http://www.piscatorialpursuits.com/uploads/UP12710.jpg
    The KeenEye MD

  10. #10
    Member fishNphysician's Avatar
    Join Date
    Jun 2006
    Location
    Aberdeen WA
    Posts
    4,516

    Default

    OOPS

    That last line in blue should have read:

    a 45" slot protects 45% of ER5-o hens.

    (too late to edit by the time I caught the error)
    "Let every angler who loves to fish think what it would mean to him to find the fish were gone." Zane Grey
    http://www.piscatorialpursuits.com/uploads/UP12710.jpg
    The KeenEye MD

  11. #11
    Member ak_powder_monkey's Avatar
    Join Date
    Nov 2006
    Location
    Eagle River/ Juneau
    Posts
    5,154

    Default

    My post was deleted in this thread for no good reason. Apparently calling someone who does something heinously unethical and borderline illegal a dissenting generalization is not allowed on this over moderated forum.
    I choose to fly fish, not because its easy, but because its hard.

  12. #12
    Moderator Daveinthebush's Avatar
    Join Date
    Jul 2003
    Location
    Valdez, Alaska
    Posts
    4,402

    Default AKPowdermonkey

    3) Treat others as you would have them treat you. Netspeak: no flames. .....

    7) We do not permit negative comments about individuals, businesses or organizations.....

    You agreed to the rules.......

    Vietnam - June 70 - Feb. 72
    Cancer from Agent Orange - Aug. 25th 2012
    Cancer Survivor - Dec. 14th 2012

  13. #13

    Default

    The slot is a great thing. I still relaease big fish into july. I caught my big king when I was younger, now I would like to have my daughter catch one when she grows up. There are plenty of other fish to be caught. There is still no better feeling in the world then watching a 60 pound king swim from your hands.

    It should be a season long event!!

  14. #14
    New member
    Join Date
    Feb 2004
    Location
    Soldotna
    Posts
    5,639

    Wink Not quite. . .

    Quote Originally Posted by fishNphysician View Post
    . . . those of us who have a passion for conserving the giant fish that make this river so special.
    For the record, Francis, it's fishing for those giant fish that makes the Kenai so special. Those giant fish simply facilitate, indulge, and pander to the notion that size matters.


  15. #15

    Default

    Quote Originally Posted by Marcus View Post
    For the record, Francis, it's fishing for those giant fish that makes the Kenai so special. Those giant fish simply facilitate, indulge, and pander to the notion that size matters.


    Very true but do you need to kill them to enjoy them????

  16. #16

    Default

    Yup, size does matter in the state that bills itself as "The Last Frontier." The slot limit is a good thing and if it needs to be tweaked to make it better, I'm in favor of it.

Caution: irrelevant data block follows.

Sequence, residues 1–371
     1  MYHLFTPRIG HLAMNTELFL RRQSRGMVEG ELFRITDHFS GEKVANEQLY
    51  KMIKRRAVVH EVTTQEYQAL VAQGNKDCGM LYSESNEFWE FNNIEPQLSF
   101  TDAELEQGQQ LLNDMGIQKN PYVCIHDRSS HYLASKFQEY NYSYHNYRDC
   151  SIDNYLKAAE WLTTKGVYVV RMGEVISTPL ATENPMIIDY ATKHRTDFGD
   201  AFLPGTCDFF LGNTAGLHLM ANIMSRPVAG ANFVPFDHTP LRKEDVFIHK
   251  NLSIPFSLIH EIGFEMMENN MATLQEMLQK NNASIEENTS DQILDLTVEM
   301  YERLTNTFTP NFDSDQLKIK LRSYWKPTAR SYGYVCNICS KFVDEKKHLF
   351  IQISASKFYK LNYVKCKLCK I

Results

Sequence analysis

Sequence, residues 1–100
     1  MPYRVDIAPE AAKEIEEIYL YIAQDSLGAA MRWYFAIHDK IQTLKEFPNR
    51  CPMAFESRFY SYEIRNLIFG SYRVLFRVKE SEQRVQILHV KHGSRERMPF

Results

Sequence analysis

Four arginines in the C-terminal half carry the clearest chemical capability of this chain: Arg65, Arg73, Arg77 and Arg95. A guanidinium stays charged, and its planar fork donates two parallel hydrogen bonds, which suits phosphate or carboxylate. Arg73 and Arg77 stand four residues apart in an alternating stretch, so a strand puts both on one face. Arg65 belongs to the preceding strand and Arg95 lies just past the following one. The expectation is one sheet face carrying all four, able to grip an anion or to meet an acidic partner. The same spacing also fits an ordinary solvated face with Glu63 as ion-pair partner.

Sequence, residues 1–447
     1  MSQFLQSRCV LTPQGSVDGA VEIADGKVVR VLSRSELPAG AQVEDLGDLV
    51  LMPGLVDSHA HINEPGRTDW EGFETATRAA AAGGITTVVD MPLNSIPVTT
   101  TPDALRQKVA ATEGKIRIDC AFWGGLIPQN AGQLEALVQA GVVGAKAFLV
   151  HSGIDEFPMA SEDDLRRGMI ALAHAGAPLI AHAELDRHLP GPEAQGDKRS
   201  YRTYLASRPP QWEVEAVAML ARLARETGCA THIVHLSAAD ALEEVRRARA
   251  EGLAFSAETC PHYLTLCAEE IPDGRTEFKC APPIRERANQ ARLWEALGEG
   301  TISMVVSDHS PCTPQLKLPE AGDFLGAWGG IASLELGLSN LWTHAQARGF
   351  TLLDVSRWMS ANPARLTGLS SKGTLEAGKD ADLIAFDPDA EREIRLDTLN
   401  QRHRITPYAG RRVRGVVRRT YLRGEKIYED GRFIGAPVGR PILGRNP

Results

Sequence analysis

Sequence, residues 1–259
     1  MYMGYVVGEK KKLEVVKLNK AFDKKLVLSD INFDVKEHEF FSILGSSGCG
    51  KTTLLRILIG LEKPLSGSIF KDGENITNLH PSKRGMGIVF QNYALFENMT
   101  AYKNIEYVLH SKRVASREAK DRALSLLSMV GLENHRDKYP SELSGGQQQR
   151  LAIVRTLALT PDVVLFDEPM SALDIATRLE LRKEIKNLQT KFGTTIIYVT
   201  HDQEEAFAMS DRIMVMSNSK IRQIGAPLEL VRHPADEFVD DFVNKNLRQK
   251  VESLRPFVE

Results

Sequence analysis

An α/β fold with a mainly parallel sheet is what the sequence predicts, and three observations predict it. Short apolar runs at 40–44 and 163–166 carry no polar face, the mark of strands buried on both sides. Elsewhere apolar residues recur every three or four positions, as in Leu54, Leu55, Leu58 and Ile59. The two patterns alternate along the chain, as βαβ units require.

17. #17

    Default Hens getting whacked-

    From my experience it seems that a lot of large hens are harvested in the early run fishery- any data out there to back this up- Could a seperate slot on Males and Females be possible- or would identification and enforcement be to difficult.

  18. #18

    Default Good info

    Thanks much,

    Unless someone writes and says this isn't exactly gospel, fishNphysician explained the slot limit such that I think I've got it. It does make me think of more questions though.

    When ADFG constructed the size distribution probablility curve, did they look at how it has varied over time? Is there a trend?

    Since the ER fish spawn throughout the entire season, why lift the slot limit at all?

    Are ER and LR fish really different? Whats magic about July 1 to distinguish them?

    If one knew where good spawning habitat was couldn't it be discouraged from fishing those grounds?

    When Chinooks settle in on the bed they want, how much milling around do they do? Could a few key sanctuaries be established?

  19. #19
    Member
    Join Date
    May 2006
    Posts
    3,073

    Default

    Marcus, are you suggesting that we bonk all those big fish to rid Kenai fishermen of the "Those giant fish simply facilitate, indulge, and pander to the notion that size matters." mentality?

  20. #20

    Default Slot limit is a good thing

    I think the slot limit is a great idea. I too would like to see it extended for the duration of the season.

    An interseting idea that was posted was a different upper and lower limit for males and females. I like the sound of that. If different limits would reduce the exploitation of the 5 year old fish for both males and females at the same percentages, then lets make it happen.

    I will admit that I like the upper limit. While fishing it's nice to know that if I catch that dream fish, I have the option of tagging him, which I think is the reasoning behind the upper limit to keep the anglers hopes alive for the dream.

Page 1 of 4 123 ... LastLast

Bookmarks

Posting Permissions

  • You may not post new threads
  • You may not post replies
  • You may not post attachments
  • You may not edit your posts
  •